Geology students get hands-on educational, career experience

Wading into muddy creeks to measure stream velocity or going out in the rain to gather water samples was about more than just completing a project for the 11 members of last year’s geology senior seminar research class.

Their student-designed analysis of creeks in the Cullowhee community and how groundwater and streamwater interact was about applying everything they had learned in their courses; designing—and then revising—an effective research project; working in teams; writing and creating graphs for a professional research report; gaining an invitation to present at a national conference; interacting with professionals in the field; getting exposed to fields within their field that gave them ideas for their careers;  and, most of all, being part of an effort that continues today at WCU that could help improve water quality.

“I realized how much fun it is to actually put what we learned in class into practice, and how gratifying it was to see a project that we had designed turn out so well and be used to help the groundwater evaluation sites be established at WCU,” said John Hayes, a May graduate from Chapel Hill. “Water is one of the most valuable resources we have, and we need to do more to protect it so it is clean and does not run out.”

The students’ research, which was shared in two presentations at the Geological Society of America meeting held last spring in Baltimore, proved to be preliminary work on sites that are now part of the developing WCU Hydrologic Station through the state’s Groundwater Resource Evaluation Program.

After several years of discussion and planning by Ted Campbell, a hydrogeologist with the N.C. Department of Environment and Natural Resources, and Mark Lord, head of WCU’s Geosciences and Natural Resources Department, WCU has partnered with the N.C. Division of Water Quality and committed to participate in regular groundwater and streamwater research and monitoring. This fall, the state has installed about 40 shallow groundwater wells at depths ranging from 5 to 25 feet solely for research as part of the initiative. Wells were installed near Wake Robin Drive past the intersection with Little Savannah Road, uphill of the fire station on Little Savannah Road, on the main campus in the vicinity of the former golf driving range and Catamount Athletic Complex.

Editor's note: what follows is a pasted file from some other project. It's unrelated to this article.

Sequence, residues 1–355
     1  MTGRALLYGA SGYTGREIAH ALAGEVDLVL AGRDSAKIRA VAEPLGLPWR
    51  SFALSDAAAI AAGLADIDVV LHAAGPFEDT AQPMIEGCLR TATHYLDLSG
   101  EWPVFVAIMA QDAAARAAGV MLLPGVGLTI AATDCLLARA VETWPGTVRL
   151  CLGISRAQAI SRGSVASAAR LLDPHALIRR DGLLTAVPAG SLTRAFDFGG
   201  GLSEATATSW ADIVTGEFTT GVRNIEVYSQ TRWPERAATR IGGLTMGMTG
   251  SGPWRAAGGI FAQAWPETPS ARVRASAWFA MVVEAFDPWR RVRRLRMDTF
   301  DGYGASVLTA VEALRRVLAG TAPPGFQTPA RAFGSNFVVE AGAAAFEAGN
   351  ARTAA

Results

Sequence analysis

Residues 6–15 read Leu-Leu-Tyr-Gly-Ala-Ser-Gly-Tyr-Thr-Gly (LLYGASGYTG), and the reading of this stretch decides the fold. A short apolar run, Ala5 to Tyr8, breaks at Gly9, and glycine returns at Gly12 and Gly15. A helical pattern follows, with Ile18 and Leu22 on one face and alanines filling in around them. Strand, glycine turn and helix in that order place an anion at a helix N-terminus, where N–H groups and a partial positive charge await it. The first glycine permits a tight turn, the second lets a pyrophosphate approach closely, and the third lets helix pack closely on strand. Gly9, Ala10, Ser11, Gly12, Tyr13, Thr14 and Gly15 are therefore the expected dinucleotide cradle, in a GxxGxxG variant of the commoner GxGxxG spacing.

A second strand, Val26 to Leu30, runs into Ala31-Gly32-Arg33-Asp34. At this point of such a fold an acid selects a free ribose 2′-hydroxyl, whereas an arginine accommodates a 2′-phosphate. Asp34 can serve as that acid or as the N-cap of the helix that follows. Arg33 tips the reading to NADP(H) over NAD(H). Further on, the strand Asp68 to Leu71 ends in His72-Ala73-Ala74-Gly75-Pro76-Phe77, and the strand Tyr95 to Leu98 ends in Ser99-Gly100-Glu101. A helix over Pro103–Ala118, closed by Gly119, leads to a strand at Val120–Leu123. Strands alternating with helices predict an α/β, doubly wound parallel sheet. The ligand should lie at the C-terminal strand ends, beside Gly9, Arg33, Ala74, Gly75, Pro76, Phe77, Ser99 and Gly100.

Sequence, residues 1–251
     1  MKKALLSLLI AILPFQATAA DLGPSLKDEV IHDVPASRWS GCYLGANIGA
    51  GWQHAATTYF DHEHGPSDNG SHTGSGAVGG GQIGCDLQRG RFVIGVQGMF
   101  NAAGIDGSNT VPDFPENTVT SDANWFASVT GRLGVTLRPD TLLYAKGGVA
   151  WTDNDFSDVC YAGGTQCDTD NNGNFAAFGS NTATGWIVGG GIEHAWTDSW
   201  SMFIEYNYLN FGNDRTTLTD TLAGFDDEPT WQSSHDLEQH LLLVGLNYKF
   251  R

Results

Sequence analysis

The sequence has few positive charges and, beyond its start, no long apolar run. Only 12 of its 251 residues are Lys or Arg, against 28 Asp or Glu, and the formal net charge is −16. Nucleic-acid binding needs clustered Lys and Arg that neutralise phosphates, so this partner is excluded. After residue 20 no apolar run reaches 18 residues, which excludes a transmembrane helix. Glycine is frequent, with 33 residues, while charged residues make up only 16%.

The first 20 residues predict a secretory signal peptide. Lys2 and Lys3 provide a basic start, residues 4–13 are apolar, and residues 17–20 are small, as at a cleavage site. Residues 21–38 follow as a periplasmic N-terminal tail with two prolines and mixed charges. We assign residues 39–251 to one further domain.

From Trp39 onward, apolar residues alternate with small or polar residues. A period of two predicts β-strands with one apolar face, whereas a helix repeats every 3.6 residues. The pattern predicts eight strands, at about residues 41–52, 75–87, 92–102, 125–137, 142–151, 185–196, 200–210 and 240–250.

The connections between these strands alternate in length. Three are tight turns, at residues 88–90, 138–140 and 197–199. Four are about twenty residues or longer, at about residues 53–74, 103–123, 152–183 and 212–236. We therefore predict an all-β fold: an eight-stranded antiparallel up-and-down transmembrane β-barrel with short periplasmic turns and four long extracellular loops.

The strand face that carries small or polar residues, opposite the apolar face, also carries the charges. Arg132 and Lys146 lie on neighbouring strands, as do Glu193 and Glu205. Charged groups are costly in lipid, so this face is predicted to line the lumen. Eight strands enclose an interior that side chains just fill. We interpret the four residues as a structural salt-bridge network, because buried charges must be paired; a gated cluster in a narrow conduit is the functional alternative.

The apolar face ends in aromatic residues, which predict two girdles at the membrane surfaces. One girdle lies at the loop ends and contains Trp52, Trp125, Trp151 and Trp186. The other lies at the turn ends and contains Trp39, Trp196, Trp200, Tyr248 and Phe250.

“For us, it is an opportunity to partner with a university that is doing work of common interest,” said Campbell, who leads the Groundwater Resource Evaluation Program for the state and has collaborated with WCU students on a variety of environmental projects. “We look for partners who are also interested in a geologic area that we want to know more about and for a site that allows us to study groundwater and surface water interactions in more detail. By working with WCU on this project, we can leverage our resources to learn more about groundwater and stream interactions, and water quality in these settings, which will help us to determine whether or not current approaches to sampling and permitting are appropriate and optimally effective.”

Last fall’s senior geology senior seminar research class designed projects with an eye toward understanding how groundwater and streamwater influence each other, said Lord, who was a senior research seminar adviser along with Steve Yurkovich, now professor emeritus. Past senior geology research seminar classes also have focused on regionally important problems such as landslides in Haywood County, paleoclimate analysis of a wetland in Panthertown and the impact of Dillsboro dam on the Tuckaseigee River.